Skip to main content

Prior pregnancy complications and maternal cardiovascular disease in young Korean women within 10 years after pregnancy



This study aimed to compare obstetric outcomes in Korean women with and without future cardiovascular disease (CVD) within 10 years after pregnancy, and assessed whether pregnancy complications are independent risk factors, and whether the combination of pregnancy complications has an additive function for risk factors for CVD.


This was a nationwide population-based study combining the database of the Korea National Health Insurance claims and National Health Screening Programs to assess preeclampsia, low birth weight (LBW), and preterm delivery as risk factors for CVD. Cox proportional hazards models was used to evaluate the risk of total CVD, ischemic heart disease (IHD), and stroke after the pregnancy complications, with adjustment for potential confounding variables.


Women with CVD were likely to have a higher prevalence of pregnancy complications than women without CVD. The risk of total CVD was associated with preeclampsia (adjusted hazard ratio (HR), 1.60 [95% confidence interval (CI) 1.50–1.72]), LBW (1.20 [1.12–1.28]), and preterm delivery (1.32 [1.22–1.42]), after adjustment for confounders, including cardiovascular risk factors before pregnancy. The risk estimates of pregnancy complications for IHD were higher than those for stroke. In this study, the risk of total CVD was higher in the combined presence of preeclampsia and preterm delivery (2.23 [1.57–3.17] or all three complications (2.06 [1.76–2.40]), relative to no complications. The highest HR was noted in the risk of all pregnancy complications for IHD (2.39 [1.98–2.89]).


Preeclampsia, preterm delivery, and LBW were independently associated with CVD in young Korean women. In addition, the combination of pregnancy complications had less-than-additive effects on CVD incidence.

Peer Review reports


Cardiovascular disease (CVD) is one of the leading causes of death in South Korea and worldwide. Although the mortality rate of CVD is decreasing in some developed countries [1,2,3], the mortality rate of ischemic heart disease (IHD) per 100,000 population in South Korea has increased [4]. Moreover, cardiovascular morbidity and mortality rates in young women have increased even in developed countries [2, 5]. Due to the relatively lower incidence of CVD in young women, limited research is available that identifies this population as a vulnerable but underestimated group with worsening cardiac risk profiles [5,6,7,8]. Furthermore, prior research has shown a sex difference in mortality rate of IHD among women aged less than 55 years, and this difference is not fully explained by traditional cardiac risk factors [5, 9, 10]. Therefore, identification of young women who are at a high risk of CVD is of principal importance to improve women’s health.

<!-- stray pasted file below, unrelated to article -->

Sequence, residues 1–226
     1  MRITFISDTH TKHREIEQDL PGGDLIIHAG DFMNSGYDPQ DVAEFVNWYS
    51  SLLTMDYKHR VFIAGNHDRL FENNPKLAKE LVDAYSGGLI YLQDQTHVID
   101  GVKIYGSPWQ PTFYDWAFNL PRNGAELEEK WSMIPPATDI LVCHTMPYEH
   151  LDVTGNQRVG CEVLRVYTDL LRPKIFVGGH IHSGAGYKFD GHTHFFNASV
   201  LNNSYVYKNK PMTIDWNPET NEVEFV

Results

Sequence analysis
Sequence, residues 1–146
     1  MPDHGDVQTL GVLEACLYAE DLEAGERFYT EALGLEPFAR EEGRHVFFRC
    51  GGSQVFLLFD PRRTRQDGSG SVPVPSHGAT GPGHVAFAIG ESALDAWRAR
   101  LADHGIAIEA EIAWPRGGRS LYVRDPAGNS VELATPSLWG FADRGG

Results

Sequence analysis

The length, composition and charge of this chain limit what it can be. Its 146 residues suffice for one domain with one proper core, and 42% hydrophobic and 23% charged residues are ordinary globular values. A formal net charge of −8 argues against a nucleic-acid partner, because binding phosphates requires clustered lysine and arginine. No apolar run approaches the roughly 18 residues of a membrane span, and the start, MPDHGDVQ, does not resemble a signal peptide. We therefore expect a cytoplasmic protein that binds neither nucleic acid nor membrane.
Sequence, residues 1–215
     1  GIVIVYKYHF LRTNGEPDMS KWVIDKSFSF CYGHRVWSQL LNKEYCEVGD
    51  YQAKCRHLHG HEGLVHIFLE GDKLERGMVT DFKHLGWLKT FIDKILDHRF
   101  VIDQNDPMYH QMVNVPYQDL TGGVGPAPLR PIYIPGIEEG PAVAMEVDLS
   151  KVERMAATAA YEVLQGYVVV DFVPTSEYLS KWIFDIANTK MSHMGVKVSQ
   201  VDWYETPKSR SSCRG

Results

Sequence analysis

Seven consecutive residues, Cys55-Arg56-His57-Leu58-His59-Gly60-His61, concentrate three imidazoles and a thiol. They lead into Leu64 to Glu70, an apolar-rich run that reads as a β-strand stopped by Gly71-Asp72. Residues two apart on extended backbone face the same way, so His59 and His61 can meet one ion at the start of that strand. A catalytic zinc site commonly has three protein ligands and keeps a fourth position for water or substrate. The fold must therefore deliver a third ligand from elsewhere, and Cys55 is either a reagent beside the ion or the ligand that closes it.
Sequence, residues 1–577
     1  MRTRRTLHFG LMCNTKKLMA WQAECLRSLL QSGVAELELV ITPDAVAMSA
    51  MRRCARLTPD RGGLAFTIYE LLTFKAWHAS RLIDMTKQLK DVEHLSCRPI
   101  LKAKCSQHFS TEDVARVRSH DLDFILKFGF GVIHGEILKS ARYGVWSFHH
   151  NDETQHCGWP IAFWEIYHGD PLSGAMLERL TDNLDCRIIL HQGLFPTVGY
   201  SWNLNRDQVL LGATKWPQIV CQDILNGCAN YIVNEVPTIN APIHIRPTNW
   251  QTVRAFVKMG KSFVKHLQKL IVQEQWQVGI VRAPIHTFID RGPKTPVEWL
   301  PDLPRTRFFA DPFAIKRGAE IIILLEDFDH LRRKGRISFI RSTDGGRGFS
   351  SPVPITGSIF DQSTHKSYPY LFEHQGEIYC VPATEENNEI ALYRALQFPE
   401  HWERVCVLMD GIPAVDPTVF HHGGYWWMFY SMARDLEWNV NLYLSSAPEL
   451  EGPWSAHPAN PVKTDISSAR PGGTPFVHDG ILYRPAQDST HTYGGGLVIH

Pregnancy complications, which may affect young women to a greater extent, have been proposed as sex -specific risk factors of CVD, and have been identified in the latest guidelines on the prevention of CVD in many countries [11,12,13,14]. Pregnancy is associated with a profound maternal cardiovascular adaptation, and maladaptation during pregnancy is often suggested as a mechanism of pregnancy- induced complications [15]. Most of these changes revert back to normal after delivery; however, some women remained at increased risk of developing CVD, such as myocardial infarction, venous thromboembolism, and stroke, at later stages in life [16]. Many studies have shown that women with a history of preeclampsia, gestational diabetes, preterm delivery, and delivery of low birth weight (LBW) infants have an increased risk of cardiometabolic risk factors and subsequent CVD [3, 15, 17,18,19,20]. However, most studies have focused on older women because the incidence of CVD tends to increase with age. Despite the increase in the incidence of diabetes and hypertension due to the rise in the prevalence of obesity and adverse lifestyle factors such as sedentary lifestyle among young women, only few studies are available on the association between pregnancy complications and CVD outcome in young women. Furthermore, since most studies have focused on CVD outcomes in Westerners, studies on Asian women are lacking. In addition, only few studies have investigated the combination of pregnancy complications that confer a higher risk and whether they predict CVD at later stages in life within 10 years of pregnancy.

Therefore, we used nationally representative data to (1) compare obstetric outcomes in Korean women with and without future CVD within 10 years after pregnancy, (2) assess whether pregnancy complications are independent risk factors, and (3) investigate the combination of pregnancy complications as an additive function of determining risk factors for CVD.


Data source